Imagine not needing your hands to navigate a tablet, and not being limited to the scope of the front-facing camera in order to do so?
This is becoming reality thanks to the team of researchers and developers at XTouch, a startup being incubated at JOLT, a fund based out of Toronto’s MaRS hub. Currently available in the form of an iPad app technology demo, XTouch acquires data from an iOS device’s microphone, turning the sound into meaningful actions on the device itself.
The beauty of XTouch is that its algorithms only need a single calibration point, on any vibrating surface, to function, so functionality can be extracted regardless of the surface’s size. The demo video (seen below) provides a good example of this: say you are cooking, and want to prevent smudging the screen on your propped-up iPad.
Calibrating a compatible recipe app to scroll up, down, left or right depending where on the surface you tap.
“Each surface responds differently depending on its physical structure,” says Amin Heidari, co-founder and CEO. “From the device perspective, these two taps,” knocking the small wooden table in front of me in two spots, “sound completely different, which is how the app knows to respond a certain way.”
Heidari envisions a future where, in addition to WiFi and Bluetooth, smartphones and tablets have the XTouch SDK built into them, allowing for various out-of-box lifestyle applications like expanded keyboards, music controls and more.
“We’d love to see XTouch eventually integrated into furniture like dining tablets, night stands, countertops,” he says. Imagine an alarm app where you could tap your desk once to snooze, or in a pre-set combination to disable it.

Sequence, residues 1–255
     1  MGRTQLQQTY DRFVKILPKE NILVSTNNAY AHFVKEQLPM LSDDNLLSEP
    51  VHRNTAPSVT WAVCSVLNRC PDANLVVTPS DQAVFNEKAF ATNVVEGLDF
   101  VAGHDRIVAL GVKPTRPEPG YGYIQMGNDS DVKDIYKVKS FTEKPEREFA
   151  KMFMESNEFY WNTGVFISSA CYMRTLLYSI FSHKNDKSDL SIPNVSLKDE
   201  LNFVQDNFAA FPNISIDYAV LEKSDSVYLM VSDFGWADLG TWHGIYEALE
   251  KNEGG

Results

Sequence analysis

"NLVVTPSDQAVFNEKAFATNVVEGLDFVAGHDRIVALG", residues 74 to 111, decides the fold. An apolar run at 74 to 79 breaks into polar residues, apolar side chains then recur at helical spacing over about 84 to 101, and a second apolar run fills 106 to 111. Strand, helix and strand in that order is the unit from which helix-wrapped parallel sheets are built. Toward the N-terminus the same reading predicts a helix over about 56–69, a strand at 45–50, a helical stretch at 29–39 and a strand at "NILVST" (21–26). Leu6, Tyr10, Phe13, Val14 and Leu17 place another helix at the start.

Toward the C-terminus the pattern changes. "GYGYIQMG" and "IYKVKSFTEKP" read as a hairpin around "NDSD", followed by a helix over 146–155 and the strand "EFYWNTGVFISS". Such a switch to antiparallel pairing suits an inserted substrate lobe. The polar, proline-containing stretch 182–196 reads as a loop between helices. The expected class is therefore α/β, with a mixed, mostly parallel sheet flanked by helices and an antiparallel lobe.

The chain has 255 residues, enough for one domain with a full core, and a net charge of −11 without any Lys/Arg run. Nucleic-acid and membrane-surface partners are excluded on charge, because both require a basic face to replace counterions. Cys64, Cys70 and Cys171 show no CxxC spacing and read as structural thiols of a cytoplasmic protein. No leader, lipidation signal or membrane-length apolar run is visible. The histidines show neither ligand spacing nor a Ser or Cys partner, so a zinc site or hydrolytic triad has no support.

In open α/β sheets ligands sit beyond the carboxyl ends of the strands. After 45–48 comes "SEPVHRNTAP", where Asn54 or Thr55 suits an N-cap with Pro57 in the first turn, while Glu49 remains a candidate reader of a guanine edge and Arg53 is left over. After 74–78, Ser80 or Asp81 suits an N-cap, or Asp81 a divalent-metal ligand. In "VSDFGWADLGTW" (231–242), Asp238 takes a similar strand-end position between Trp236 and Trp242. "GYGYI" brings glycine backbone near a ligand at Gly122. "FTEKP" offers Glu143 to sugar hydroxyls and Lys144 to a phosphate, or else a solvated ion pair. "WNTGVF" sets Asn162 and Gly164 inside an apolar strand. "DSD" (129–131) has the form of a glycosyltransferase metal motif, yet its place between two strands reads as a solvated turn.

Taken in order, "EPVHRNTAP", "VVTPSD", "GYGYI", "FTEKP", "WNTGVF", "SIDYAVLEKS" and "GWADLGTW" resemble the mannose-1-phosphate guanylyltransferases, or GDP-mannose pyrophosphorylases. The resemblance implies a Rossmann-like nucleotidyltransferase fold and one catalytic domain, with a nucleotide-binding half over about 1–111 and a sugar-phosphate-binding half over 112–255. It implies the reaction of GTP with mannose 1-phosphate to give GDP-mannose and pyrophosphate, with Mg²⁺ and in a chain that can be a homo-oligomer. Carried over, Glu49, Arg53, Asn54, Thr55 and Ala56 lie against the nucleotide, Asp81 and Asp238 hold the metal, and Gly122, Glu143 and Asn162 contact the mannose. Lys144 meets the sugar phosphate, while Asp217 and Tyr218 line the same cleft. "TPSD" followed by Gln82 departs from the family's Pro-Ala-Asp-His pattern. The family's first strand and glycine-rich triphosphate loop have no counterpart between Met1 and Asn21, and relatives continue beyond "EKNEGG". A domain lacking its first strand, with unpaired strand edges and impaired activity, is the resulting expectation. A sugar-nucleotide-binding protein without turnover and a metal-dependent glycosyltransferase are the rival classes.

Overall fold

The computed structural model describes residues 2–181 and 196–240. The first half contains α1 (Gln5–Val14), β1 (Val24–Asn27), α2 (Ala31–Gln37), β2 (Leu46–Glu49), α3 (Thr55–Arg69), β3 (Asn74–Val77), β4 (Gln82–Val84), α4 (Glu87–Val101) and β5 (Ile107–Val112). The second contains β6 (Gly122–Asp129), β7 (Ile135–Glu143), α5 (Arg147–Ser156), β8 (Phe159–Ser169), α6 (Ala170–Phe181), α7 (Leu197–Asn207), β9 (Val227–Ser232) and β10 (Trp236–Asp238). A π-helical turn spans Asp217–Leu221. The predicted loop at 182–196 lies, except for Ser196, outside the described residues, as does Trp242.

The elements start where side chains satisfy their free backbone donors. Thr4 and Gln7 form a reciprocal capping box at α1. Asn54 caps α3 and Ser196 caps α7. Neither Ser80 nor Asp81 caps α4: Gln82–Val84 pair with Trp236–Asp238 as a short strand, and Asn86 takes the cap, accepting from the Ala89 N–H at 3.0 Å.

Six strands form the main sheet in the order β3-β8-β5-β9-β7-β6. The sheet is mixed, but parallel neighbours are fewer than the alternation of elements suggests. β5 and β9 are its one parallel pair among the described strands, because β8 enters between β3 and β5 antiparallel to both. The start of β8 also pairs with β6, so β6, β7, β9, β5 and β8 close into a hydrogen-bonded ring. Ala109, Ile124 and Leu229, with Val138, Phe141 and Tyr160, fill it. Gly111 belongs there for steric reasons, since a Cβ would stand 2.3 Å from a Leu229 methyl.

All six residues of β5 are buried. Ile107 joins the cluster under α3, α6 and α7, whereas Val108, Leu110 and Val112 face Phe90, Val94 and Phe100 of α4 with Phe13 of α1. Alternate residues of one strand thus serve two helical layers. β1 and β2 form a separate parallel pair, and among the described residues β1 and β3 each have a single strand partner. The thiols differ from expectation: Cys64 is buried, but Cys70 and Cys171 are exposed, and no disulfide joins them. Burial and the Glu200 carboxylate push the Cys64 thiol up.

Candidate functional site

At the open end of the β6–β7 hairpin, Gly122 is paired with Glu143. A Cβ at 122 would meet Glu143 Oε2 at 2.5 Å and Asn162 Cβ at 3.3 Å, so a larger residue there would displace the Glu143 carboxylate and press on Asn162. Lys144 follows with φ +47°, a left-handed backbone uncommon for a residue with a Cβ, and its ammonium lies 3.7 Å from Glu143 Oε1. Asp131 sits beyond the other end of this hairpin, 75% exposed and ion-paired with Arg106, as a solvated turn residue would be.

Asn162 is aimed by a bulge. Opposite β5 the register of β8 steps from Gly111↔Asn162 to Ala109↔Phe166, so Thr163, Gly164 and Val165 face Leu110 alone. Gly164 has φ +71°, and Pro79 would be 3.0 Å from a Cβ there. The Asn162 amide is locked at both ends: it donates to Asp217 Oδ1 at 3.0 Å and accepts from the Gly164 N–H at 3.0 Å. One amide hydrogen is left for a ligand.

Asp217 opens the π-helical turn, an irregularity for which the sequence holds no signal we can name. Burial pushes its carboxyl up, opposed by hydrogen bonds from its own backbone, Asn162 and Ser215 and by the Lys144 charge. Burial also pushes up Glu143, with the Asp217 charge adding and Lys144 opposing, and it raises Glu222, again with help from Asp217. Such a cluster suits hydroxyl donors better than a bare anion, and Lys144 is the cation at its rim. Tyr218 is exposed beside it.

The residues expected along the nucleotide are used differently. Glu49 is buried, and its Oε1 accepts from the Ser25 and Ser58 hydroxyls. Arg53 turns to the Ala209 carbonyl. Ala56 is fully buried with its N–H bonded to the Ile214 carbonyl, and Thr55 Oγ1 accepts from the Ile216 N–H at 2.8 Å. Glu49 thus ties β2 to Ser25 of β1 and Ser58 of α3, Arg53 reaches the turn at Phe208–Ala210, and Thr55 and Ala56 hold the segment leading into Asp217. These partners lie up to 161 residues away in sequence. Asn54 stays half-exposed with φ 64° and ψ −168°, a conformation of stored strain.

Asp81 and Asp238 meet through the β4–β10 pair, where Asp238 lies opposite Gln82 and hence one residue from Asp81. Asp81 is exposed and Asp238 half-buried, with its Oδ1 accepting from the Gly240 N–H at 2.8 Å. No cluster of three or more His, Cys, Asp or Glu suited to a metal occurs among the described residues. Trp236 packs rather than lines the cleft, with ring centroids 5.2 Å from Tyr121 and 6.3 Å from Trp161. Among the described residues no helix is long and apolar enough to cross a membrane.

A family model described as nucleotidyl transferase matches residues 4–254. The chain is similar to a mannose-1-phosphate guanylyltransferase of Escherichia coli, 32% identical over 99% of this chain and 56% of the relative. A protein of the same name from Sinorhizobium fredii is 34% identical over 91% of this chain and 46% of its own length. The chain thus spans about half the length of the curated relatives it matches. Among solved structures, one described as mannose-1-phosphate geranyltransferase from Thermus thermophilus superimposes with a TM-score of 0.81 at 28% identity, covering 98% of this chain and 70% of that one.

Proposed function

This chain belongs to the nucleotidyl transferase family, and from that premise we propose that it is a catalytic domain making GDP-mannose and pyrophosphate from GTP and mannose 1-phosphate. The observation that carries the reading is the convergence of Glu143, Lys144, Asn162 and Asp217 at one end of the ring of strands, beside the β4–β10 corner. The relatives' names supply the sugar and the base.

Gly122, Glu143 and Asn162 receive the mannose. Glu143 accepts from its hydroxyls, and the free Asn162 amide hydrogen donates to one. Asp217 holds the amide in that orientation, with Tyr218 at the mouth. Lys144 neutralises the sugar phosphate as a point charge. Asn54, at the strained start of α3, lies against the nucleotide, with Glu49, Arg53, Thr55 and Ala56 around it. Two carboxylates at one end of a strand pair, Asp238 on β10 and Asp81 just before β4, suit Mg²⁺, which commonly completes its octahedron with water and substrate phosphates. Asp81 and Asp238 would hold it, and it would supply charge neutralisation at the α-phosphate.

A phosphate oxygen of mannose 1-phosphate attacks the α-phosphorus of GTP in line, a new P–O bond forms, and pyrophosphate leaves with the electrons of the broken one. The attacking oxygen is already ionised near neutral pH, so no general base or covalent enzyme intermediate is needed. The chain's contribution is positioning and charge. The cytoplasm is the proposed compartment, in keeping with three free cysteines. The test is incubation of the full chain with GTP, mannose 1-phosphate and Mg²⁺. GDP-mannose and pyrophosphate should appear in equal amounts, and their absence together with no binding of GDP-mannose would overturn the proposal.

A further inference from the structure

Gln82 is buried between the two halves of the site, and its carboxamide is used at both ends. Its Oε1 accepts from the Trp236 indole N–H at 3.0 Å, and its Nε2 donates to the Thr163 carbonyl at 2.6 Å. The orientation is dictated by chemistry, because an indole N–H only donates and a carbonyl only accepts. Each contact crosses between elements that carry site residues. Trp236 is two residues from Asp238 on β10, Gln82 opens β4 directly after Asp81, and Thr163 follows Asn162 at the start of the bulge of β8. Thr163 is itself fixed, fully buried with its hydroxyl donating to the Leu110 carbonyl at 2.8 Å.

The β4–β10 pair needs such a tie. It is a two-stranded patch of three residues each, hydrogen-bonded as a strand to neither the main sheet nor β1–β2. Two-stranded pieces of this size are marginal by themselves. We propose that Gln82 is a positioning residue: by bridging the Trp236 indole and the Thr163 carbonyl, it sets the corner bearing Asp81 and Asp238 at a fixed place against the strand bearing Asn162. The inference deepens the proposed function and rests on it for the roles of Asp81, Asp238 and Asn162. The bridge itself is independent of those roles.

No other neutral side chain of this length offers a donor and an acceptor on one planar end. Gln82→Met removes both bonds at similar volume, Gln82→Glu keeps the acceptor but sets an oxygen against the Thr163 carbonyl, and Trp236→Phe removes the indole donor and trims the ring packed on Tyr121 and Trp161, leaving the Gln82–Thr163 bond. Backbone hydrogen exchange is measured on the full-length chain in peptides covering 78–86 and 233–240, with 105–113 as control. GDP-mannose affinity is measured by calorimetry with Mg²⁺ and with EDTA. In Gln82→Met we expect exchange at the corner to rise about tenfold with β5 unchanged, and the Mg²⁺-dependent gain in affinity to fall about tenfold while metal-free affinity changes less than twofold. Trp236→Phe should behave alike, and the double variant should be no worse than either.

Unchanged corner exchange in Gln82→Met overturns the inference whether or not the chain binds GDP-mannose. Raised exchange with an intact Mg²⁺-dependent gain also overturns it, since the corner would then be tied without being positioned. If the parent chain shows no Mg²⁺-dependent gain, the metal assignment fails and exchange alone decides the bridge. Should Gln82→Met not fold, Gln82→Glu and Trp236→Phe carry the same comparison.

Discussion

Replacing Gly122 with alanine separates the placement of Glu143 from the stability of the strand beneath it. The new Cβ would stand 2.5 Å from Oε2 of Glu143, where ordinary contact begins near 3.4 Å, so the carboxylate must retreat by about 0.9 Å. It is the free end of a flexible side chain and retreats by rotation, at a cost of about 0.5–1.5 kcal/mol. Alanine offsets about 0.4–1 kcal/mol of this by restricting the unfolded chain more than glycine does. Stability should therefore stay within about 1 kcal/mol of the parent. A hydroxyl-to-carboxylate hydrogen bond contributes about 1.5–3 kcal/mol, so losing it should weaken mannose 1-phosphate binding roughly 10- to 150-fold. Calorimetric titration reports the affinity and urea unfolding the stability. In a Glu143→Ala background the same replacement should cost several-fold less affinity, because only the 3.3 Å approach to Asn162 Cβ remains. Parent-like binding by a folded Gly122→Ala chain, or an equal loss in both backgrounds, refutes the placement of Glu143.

The team, which emerged from U of T’s Mobile Applications Lab, is currently in discussion with OEMs to integrate the one-line SDK, with Heidari hinting at a possible Android version in the coming months. He’s extremely proud of his team’s work, mainly because sound-based input allows for the kind of omni-tracking input that cameras don’t support.
Samsung, for example, attempted to use the front-facing camera on its Galaxy S3 and S4 to detect when a user has stopped watching a video, but the result was finicky and hard to consistently reproduce. While sound-based input, like voice, obviously requires active participation, it shares around the same input lag as a Bluetooth controller — around 30ms — and can therefore be used for gaming, too.
There’s also great potential for XTouch to help those with physical disabilities like hearing and visual impairments, giving users a more expansive canvas on which to work than a typical smartphone or tablet screen. When combined with iOS’ and Android’s extensive accessibility support, the combination has great potential.
Right now, XTouch exists as two technology demos, created in-house, called Voodoo Tap Frogs and Magic Xylophone. Both are built for iPhone and iPad, and detail how easily tap-based input can be used for multiplayer gaming and music respectively. With the company’s native SDK coming soon, there are plenty of reasons to be excited.